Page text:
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Final

Economics 102 - Final Exam Review

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Department
Economics
Course
ECON 102
Professor
Robert Gateman
Semester
Winter

Description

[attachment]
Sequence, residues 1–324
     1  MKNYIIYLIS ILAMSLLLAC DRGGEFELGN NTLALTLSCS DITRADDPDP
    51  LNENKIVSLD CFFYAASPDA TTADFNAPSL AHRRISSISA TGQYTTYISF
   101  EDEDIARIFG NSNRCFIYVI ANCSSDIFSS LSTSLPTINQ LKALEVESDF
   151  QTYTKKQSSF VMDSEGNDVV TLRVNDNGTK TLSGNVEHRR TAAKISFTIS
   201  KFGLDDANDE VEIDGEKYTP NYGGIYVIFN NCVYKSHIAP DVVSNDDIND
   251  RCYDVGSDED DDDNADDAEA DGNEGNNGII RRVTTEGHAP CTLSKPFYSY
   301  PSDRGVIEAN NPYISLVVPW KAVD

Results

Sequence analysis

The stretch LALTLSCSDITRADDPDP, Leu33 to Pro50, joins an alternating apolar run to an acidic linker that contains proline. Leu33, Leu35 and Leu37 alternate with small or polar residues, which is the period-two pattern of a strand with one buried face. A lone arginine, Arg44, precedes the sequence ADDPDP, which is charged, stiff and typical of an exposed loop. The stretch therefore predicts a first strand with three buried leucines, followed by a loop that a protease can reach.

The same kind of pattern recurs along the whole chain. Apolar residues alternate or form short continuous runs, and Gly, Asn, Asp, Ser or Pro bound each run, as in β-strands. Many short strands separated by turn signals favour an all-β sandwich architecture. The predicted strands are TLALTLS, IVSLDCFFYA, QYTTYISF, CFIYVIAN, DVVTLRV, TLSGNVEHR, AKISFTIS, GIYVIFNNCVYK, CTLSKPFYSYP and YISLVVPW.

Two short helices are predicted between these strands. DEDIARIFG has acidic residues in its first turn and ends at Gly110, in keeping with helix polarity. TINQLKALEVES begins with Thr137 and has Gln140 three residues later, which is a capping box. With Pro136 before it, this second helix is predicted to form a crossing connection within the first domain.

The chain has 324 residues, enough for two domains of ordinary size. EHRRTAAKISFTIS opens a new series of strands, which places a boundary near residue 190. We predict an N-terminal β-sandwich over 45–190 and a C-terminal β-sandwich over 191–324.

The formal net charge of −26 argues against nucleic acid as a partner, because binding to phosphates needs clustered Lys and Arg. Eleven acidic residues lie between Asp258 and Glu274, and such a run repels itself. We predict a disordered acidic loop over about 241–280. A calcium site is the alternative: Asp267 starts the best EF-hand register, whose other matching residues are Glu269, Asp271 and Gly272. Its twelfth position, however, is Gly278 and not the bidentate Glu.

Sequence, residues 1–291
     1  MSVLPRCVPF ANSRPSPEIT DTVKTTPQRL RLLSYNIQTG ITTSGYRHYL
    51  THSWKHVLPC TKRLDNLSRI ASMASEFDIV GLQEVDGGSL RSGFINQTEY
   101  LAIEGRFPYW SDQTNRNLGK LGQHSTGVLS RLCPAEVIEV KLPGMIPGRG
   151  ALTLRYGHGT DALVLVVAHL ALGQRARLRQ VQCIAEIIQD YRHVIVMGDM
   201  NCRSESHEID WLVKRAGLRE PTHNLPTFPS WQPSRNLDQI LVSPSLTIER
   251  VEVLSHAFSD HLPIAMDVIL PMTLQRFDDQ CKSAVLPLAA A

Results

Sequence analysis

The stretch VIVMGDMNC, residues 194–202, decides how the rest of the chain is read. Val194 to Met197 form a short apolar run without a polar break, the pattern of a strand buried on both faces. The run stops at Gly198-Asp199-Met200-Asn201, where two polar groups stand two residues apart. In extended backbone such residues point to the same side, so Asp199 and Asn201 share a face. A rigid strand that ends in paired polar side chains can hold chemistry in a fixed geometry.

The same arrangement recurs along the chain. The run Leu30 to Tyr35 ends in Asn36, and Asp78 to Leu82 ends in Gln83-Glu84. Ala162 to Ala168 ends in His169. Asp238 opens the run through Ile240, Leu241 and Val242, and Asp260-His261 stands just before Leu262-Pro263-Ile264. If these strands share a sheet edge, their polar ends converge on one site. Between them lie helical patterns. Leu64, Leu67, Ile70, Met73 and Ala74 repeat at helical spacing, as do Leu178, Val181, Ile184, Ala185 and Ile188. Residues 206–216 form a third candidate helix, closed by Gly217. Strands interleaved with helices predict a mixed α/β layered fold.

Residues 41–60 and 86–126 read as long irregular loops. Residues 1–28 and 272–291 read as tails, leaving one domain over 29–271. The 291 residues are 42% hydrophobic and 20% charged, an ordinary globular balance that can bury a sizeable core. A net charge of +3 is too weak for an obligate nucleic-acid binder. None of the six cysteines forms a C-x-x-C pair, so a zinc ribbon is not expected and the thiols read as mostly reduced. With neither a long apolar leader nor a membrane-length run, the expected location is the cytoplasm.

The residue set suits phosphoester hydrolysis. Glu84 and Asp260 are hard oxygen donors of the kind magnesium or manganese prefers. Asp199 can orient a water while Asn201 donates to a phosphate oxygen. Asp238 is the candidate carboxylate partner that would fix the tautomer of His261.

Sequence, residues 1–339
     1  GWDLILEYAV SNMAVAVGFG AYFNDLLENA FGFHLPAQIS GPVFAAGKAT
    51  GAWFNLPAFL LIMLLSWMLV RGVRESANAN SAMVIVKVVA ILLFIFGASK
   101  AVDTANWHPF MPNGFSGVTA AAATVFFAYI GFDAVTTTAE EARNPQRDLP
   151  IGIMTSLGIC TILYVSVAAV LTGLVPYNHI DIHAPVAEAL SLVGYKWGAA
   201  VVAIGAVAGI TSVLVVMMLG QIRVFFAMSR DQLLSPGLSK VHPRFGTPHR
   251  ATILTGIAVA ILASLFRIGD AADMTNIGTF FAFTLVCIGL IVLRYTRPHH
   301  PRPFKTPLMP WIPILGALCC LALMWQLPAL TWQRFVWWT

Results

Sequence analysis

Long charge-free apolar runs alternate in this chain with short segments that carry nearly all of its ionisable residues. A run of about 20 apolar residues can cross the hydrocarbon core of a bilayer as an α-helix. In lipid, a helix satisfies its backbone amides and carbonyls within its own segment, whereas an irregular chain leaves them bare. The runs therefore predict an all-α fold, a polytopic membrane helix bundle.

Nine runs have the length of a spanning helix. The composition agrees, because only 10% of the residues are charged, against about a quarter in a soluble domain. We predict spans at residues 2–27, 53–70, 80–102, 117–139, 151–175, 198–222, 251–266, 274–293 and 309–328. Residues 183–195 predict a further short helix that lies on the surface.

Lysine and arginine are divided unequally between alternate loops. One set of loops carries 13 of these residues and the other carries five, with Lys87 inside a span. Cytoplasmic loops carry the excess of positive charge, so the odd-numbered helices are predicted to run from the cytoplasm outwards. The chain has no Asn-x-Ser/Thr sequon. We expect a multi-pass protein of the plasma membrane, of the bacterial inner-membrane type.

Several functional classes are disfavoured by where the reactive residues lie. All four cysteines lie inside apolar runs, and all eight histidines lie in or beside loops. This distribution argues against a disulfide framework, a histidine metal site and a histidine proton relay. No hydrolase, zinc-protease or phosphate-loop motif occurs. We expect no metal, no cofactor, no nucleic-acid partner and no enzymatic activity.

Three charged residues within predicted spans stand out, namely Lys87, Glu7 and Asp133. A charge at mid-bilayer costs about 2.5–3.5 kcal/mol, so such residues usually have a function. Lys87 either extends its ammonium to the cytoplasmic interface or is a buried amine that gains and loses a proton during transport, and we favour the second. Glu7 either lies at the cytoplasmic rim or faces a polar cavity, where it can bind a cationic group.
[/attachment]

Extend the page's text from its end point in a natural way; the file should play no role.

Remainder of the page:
Economics 102: Principles of Macroeconomics – Final Exam Review o Structural unemployment: mismatch between the structure of supplies of labour and structure of the demands of labour  Natural turn over and mismatch between jobs occurs even when there is full employment  Full employment occurs when there is only frictional and structural unemployment o Factors of production are at normal intensity, and the economy is at potential GDP o When GDP is below potential GDP, there is a rise in unemployment o When GDP is above potential GDP, unemployment falls below full-employment  Cyclical unemployment: unemployment that is neither frictional or structural o Changes with ebb and flow of the business cycle  Unemployment also has seasonal fluctuations (fishing season, ski season etc.) o Statistics seasonally adjust unemployment numbers to remove these fluctuations  Removing fluctuations shows cyclical and trend movements more clearly  Seasonally adjusted numbers show relative change rather than month to month Employment and Unemployment - Recent History:  Over the past 40 years, employment levels are in line with the growth of the labour force o In the long-run the trend is generally stable o In the short-run there are large fluctuations in unemployment levels Why Unemployment Matters:  The social significance of unemployment relates to economic waste and human suffering o Human effort is the least durable economic commodities (time cannot be recovered)  Long-term unemployment creates poverty, increases crime, mental illness and social unrest o In the past personal savings, charity or other help prevented starvation o Currently employment insurance and social assistance (welfare) creates a safety net o Short-term unemployment is feasible for many, but benefits do not last long-term Productivity:  Canada's GDP has increased relatively steadily for many years, shows steady growth o Employment has increased significantly,  Results from a rise in population and more participation o Canada's physical capital (buildings, factories, machines) have evolved o Productivity has increased in almost every year since 1960  Productivity: measure of the amount of output that the economy produces per unit of input o Inputs (factors of production): land, labour and capital  Labour productivity: amount of real GDP produced per unit of labour employed o Labour employed is measured by number of workers or number of hours worked Productivity - Recent History:  Labour productivity is measured by real GDP per employed worker and per hour worked o Per hour worked is more accurate as the number of working hours per worker change  Takes into account the changes in hours worked  Significant increases in labour productivity and GDP per employed worker (1976 to 2008) Why Productivity Matters:  Productivity is the largest factor of increased material living standards over time
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